Being a writer without benefit of scientific education, training, background, or any other evidence of knowledge in the area of global warming, I have followed the “letters” page with interest as the various “experts” checked in. Since none gave education or vocational credentials, I must assume they are not certified “warming scientists” and, thus, I consider myself an equal in this fray — especially in that it seems tempers are fraying. After careful review of the letters by Messrs Dukes, Franz, Marquardt, and Normand, I pose the following. Sirs:
1. Has the presence and degree of salt in the seawater been taken into account when discussing the melting rate of the Antarctica? It seems to me that this may be of exceptional merit and have the potential for accelerating the mean temperature at the Meridian. As a follow-up to this postulation I ask why there has no consideration been given to the fresh waters of the Amazon River as a means of ameliorating said salinity and provide resistance to the global warming effect in that fresh water is of a higher temperature than is ice?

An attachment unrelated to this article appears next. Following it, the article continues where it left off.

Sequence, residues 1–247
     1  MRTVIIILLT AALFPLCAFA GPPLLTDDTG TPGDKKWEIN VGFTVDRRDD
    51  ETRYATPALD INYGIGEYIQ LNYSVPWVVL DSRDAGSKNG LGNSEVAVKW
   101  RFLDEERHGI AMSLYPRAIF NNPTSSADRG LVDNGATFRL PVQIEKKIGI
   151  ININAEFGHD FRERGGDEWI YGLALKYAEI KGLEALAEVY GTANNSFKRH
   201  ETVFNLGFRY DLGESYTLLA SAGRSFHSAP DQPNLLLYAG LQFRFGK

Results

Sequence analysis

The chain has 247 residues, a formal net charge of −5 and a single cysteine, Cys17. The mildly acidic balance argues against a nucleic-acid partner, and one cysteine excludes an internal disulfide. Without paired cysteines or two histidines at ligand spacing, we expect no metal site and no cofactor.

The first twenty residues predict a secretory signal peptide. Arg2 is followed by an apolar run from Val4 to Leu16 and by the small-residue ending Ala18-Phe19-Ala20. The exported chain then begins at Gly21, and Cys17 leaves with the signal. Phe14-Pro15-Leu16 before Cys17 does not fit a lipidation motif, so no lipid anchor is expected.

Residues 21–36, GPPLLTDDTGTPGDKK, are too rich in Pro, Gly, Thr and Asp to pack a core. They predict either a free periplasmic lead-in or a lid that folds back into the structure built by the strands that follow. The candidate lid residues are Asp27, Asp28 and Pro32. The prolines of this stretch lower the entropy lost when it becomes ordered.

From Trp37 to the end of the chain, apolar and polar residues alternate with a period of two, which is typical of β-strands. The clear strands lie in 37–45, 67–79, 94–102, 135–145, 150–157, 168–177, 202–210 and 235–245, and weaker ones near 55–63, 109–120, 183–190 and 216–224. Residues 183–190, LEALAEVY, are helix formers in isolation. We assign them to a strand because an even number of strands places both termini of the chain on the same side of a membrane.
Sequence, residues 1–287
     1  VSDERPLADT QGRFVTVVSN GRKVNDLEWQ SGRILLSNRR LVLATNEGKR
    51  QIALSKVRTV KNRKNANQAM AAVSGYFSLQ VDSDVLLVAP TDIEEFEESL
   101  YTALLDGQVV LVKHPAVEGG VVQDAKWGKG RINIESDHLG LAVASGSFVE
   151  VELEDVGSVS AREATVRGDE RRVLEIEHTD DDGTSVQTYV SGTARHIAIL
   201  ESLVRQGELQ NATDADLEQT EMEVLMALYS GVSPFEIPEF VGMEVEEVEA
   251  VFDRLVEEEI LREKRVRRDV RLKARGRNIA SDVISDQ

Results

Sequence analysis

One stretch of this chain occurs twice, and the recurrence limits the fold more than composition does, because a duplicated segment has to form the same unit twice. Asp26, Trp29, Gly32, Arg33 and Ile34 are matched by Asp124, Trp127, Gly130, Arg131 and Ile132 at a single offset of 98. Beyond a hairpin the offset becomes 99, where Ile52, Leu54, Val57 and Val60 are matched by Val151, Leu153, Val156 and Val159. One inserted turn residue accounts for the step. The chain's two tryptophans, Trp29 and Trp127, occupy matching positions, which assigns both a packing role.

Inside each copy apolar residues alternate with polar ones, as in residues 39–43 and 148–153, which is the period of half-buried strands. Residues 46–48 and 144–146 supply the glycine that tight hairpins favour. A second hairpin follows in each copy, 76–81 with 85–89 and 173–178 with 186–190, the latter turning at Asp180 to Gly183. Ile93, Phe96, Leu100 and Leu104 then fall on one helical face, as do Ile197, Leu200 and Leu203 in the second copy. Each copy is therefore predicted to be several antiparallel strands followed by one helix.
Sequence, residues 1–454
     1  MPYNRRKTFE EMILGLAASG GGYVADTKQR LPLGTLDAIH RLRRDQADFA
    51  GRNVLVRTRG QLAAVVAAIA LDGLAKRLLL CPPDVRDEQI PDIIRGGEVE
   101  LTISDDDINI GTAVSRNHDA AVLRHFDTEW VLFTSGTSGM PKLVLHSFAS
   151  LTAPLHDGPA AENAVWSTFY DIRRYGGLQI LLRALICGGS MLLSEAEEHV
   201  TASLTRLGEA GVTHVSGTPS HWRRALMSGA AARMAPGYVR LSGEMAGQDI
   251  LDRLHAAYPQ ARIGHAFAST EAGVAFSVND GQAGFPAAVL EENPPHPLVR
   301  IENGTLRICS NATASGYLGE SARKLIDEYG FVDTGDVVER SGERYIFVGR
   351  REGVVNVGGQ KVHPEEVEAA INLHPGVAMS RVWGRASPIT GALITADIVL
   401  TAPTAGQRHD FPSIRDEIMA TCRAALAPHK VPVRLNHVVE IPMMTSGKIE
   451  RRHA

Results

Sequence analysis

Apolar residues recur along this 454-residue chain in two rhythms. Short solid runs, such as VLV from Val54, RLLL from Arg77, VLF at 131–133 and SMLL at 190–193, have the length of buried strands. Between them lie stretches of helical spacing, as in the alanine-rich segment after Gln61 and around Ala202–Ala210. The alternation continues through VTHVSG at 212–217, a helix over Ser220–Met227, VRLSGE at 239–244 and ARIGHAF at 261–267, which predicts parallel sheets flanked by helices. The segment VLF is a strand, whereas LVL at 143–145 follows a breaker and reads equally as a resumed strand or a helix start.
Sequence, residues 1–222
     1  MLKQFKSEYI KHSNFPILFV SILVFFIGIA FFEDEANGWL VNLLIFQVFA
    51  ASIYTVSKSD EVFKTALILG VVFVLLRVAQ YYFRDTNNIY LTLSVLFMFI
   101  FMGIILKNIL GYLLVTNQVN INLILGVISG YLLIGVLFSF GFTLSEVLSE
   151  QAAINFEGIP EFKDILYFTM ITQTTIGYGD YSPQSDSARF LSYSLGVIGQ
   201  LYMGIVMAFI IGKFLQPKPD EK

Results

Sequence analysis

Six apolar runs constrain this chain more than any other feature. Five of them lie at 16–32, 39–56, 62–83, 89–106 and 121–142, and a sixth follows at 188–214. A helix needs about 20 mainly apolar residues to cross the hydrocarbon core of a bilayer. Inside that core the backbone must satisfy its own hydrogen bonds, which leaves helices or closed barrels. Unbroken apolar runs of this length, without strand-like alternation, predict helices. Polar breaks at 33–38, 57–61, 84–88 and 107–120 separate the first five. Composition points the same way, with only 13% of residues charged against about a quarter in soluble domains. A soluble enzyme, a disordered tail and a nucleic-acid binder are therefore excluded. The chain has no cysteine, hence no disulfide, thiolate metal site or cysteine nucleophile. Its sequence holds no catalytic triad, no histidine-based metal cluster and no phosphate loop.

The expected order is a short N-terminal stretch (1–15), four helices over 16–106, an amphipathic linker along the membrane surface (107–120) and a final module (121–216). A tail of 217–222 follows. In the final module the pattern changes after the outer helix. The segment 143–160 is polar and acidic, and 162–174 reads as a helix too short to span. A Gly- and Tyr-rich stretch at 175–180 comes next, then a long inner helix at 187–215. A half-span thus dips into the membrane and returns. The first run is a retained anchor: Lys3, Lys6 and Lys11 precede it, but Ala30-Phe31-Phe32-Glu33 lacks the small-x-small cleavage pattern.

2. In that ice has a different specific gravity, could not that also influence the presence of algae when the ice was formed and subsequently released with melting? This could have a serious impact upon sea animals which in turn will affect and effect the human food chain. It seems to me that this should be given a priority in the presentation of any hypothesis.
Although a layman in this field, I recognize that the above questions may provoke contentious debate among the warming elite, and I hasten to offer my services as a public conduit: one who can distill the gobbledygook of “To warm, or not to warm, that is the question for this age.”
Alfred W. Stites
General consultant at large